5. Consider joining a startup
    The perspective of working for a startup is often overlooked by graduate students. Nevertheless, it’s still an option and has its own advantages. First, the competition for startup positions is not so strong as for well-known corporation everyone wants to get in. Second, startup environment is usually more relaxed and less bureaucratic, which creative minds might find more enjoyable. And third, you can learn versatile skills from practice and gain more responsibility faster than your peers looking for huge companies. If you are considering this option, learn the pros and cons of joining a startup.
  6. Stay open to unexpected career opportunities
    Even if you’re actively job hunting right now, keep in mind that your perfect career may be outside of your area of search. For instance, if you have a degree in English and you love to write, don’t limit your career prospects to online and traditional media. You can try your lack in PR, advertising, become an English tutor or even start your own blog. And, if you’re a software engineer, try to source new opportunities not only in big software companies, but also in smaller local firms.
  7. Get ready for video interviews
    Video interviewing is one of the most popular recent trends in recruitment. More and more companies in the US either replace the traditional interview with it or see it as an introductory interview before the ‘real’ one. And, since video interviewing is here to stay, you need to know how to pass it right.
    First, ask the company about the interviewers and the process in advance so it wouldn’t be a surprise for you and you could prepare effectively. Secondly, learn what differentiates Skype interview from traditional one – for instance, you can check Skype interview benefits.  And third, take them seriously and prepare accordingly.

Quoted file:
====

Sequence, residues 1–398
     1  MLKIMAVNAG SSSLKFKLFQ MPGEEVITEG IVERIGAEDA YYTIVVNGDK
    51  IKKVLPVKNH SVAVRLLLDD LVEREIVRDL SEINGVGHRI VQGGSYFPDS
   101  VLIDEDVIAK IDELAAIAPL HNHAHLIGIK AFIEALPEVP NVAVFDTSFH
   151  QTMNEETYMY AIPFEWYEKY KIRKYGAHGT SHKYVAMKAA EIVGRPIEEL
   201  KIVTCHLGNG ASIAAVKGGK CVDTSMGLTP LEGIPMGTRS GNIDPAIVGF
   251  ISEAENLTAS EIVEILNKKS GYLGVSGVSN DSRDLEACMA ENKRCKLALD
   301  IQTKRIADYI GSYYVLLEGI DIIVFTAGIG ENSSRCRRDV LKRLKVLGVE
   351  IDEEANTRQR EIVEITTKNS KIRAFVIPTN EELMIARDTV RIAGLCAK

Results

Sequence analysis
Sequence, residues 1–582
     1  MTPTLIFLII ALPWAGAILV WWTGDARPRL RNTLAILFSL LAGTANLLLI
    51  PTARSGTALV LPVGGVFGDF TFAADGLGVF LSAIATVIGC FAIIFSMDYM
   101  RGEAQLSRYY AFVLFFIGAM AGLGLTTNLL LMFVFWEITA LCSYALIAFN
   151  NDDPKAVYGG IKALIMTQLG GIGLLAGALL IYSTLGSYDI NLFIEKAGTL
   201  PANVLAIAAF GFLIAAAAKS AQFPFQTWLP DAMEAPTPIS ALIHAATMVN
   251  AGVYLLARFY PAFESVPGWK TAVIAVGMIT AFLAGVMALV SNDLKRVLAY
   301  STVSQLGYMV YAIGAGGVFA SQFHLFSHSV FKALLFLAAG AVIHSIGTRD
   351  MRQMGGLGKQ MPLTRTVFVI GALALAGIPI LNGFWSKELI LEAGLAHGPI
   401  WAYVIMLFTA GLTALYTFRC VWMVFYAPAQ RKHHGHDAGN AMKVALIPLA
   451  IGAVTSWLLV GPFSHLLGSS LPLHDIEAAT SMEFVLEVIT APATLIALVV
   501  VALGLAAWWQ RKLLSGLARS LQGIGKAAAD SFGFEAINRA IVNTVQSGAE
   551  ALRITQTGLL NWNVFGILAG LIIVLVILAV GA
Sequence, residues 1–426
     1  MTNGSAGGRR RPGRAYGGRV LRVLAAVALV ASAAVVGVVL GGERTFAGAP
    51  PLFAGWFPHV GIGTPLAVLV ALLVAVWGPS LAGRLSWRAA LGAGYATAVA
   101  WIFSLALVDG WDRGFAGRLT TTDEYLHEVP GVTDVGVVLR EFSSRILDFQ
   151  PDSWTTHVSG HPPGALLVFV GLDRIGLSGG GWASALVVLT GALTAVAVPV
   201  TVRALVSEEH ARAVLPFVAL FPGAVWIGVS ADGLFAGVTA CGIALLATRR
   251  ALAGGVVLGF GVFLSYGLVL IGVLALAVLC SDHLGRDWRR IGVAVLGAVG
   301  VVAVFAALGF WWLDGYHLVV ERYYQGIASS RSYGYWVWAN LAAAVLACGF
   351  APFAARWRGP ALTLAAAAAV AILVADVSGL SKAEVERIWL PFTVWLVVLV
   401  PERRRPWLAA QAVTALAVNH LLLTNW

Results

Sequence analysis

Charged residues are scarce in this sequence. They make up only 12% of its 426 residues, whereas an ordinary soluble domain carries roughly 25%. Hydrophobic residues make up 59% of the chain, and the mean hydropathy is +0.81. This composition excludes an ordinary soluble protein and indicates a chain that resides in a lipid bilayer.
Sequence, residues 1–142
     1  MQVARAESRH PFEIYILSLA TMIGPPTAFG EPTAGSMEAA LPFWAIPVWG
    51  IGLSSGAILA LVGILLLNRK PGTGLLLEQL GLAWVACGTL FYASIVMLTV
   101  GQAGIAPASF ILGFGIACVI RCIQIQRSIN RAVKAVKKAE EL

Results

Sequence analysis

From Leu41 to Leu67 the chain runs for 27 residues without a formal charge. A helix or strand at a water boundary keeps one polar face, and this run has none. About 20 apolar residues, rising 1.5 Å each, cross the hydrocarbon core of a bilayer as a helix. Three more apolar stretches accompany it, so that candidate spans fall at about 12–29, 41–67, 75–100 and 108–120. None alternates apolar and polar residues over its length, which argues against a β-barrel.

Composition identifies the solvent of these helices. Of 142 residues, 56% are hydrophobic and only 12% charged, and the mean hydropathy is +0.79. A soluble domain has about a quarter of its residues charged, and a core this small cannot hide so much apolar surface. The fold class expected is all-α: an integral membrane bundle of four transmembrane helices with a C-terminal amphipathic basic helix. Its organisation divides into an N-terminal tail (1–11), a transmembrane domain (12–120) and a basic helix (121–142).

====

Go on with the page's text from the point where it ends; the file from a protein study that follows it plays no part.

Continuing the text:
8. Practice your soft skills
    As a recent graduate, you need to showcase your motivation, ability to grasp new information on the go and eagerness to work. However, your soft skills matter a lot as well, since employers pay increasing attention to emotional intelligence. So, during the interview, highlight such abilities of yours as teamwork, communication, problem solving, ability to negotiate or any others depending on the job you’re applying for. Being the right personality type is now more important than being a highly educated person.
  9. Stay active and motivated
    Finding a new job isn’t a week’s task. It’s normal that it will take you months until you find a suitable opportunity and get a job offer. So, you need to start early – create a resume and start searching while you’re still in the university to find the job as soon as possible.
    And, most importantly, keep your mood positive and stay inspired. If you apply for jobs regularly and massively, use the power of educational and professional connections and prepare for interviews, you’ll find your first job pretty fast. Good luck!                

Conclusion
Student’s resume is different from a resume of a professional. In particular, it’s more education-focused and oriented on your potential and ability to learn. If you manage to highlight those abilities by bringing enough light to your academic and work accomplishments, you won’t struggle getting a job you want.

If you want to make your job application process more effective, our resume writing services are at your disposal. At a very attractive student fee you’ll get a brand new resume done in accordance with recruiters’ requirements. Or, if you already have one, a skilled editor will polish it and eliminate all typos and mistakes to maintain your image of a promising young professional.

Did you write your first resume on your own or asked for someone’s help?